Tuesday, April 26, 2016

Best gaming fiction writer Michael Atamanov

Michael Atamanov was born in 1975 in Grozny, Chechnia. He excelled at school, winning numerous national science and writing competitions. Having graduated with honors, he entered Moscow University to study material engineering. Soon, however, he had no home to return to: their house was destroyed during the first Chechen campaign. Michael's family fled the war, taking shelter with some relatives in Stavropol Territory in the South of Russia. Then one day unexpectedly for himself he started writing fairy tales and science fiction novels. For several years, his audience consisted of only one person: Michael's elder son. Then, at the end of 2014 he decided to upload one of his manuscripts to a free online writers resource. Readers liked it and demanded a sequel. Michael uploaded another book, and yet another, his audience growing as did his list. It was his readers who helped Michael hone his writing style. He finally had the breakthrough he deserved when the Moscow-based EKSMO - the biggest publishing house in Europe - offered him a contract for his first and consequent books.

MDB: Why gaming? What prompted you to dream up a virtual world?

Michael Atamanov: For quite some time, I’d been working in genres which were borderline LitRPG. My entire Gray Raven fantasy series was in fact conceived as a MMORPG storyline complete with quests and leveling scenarios. Still, once the publisher had accepted it, he asked me to delete all gaming references. My Quit the Game novel is in fact a cross between an Eve Online fanfic and a space-opera LitRPG. In it, the MC realizes he’s stuck in an online game - but unlike other players he can’t quit it because he is in fact a piece of software. So no wonder I began writing my next project Perimeter Defense. Sector Eight as purely LitRPG.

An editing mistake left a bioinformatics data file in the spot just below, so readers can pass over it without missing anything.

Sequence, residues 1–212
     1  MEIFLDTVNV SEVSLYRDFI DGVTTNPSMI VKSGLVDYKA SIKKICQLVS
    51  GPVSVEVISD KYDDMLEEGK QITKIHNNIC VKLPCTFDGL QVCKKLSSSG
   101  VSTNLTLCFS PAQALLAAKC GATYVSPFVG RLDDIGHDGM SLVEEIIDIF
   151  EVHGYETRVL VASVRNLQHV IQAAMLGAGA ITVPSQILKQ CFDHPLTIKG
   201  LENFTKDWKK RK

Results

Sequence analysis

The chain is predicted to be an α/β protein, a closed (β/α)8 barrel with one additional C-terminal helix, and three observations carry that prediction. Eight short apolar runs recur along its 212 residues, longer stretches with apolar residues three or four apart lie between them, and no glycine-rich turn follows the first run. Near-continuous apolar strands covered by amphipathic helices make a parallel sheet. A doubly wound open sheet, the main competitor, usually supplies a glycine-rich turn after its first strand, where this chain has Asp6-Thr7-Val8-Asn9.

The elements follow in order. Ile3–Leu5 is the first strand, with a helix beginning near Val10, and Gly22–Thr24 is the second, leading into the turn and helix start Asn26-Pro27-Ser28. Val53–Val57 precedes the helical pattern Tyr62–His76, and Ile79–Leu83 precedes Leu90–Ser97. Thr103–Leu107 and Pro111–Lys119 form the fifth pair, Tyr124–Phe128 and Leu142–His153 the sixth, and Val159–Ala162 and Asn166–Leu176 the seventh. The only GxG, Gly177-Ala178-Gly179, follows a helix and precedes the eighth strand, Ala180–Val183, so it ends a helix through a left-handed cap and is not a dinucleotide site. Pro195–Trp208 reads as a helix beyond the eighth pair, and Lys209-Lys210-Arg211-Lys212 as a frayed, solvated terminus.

MDB: If you could transport yourself to the world you created, would you do so? And if you did, which of the game characters would you like to play?

Michael Atamanov: According to my wife, I’d have jumped at the opportunity. Me, I’m not so sure. I’m quite happy with the real world. I also have quite a few writing commitments I wouldn’t have been able to abandon at a moment’s notice. But if I couldn’t avoid being transported to Perimeter Defense, I’d have joined the androids. Think of their immortality combined with the emergency backup options, their ability to instantly communicate with other androids, their unique and truly boundless abilities only constrained by the world’s rules! That’s exactly what I would have done: I’d search for ways to remove these rules or circumvent them.

MDB: In your opinion, is playing MMORPG games just mindless entertainment and a waste of time? Or does it help one grow and develop one's particular skills and character traits? If so, which ones?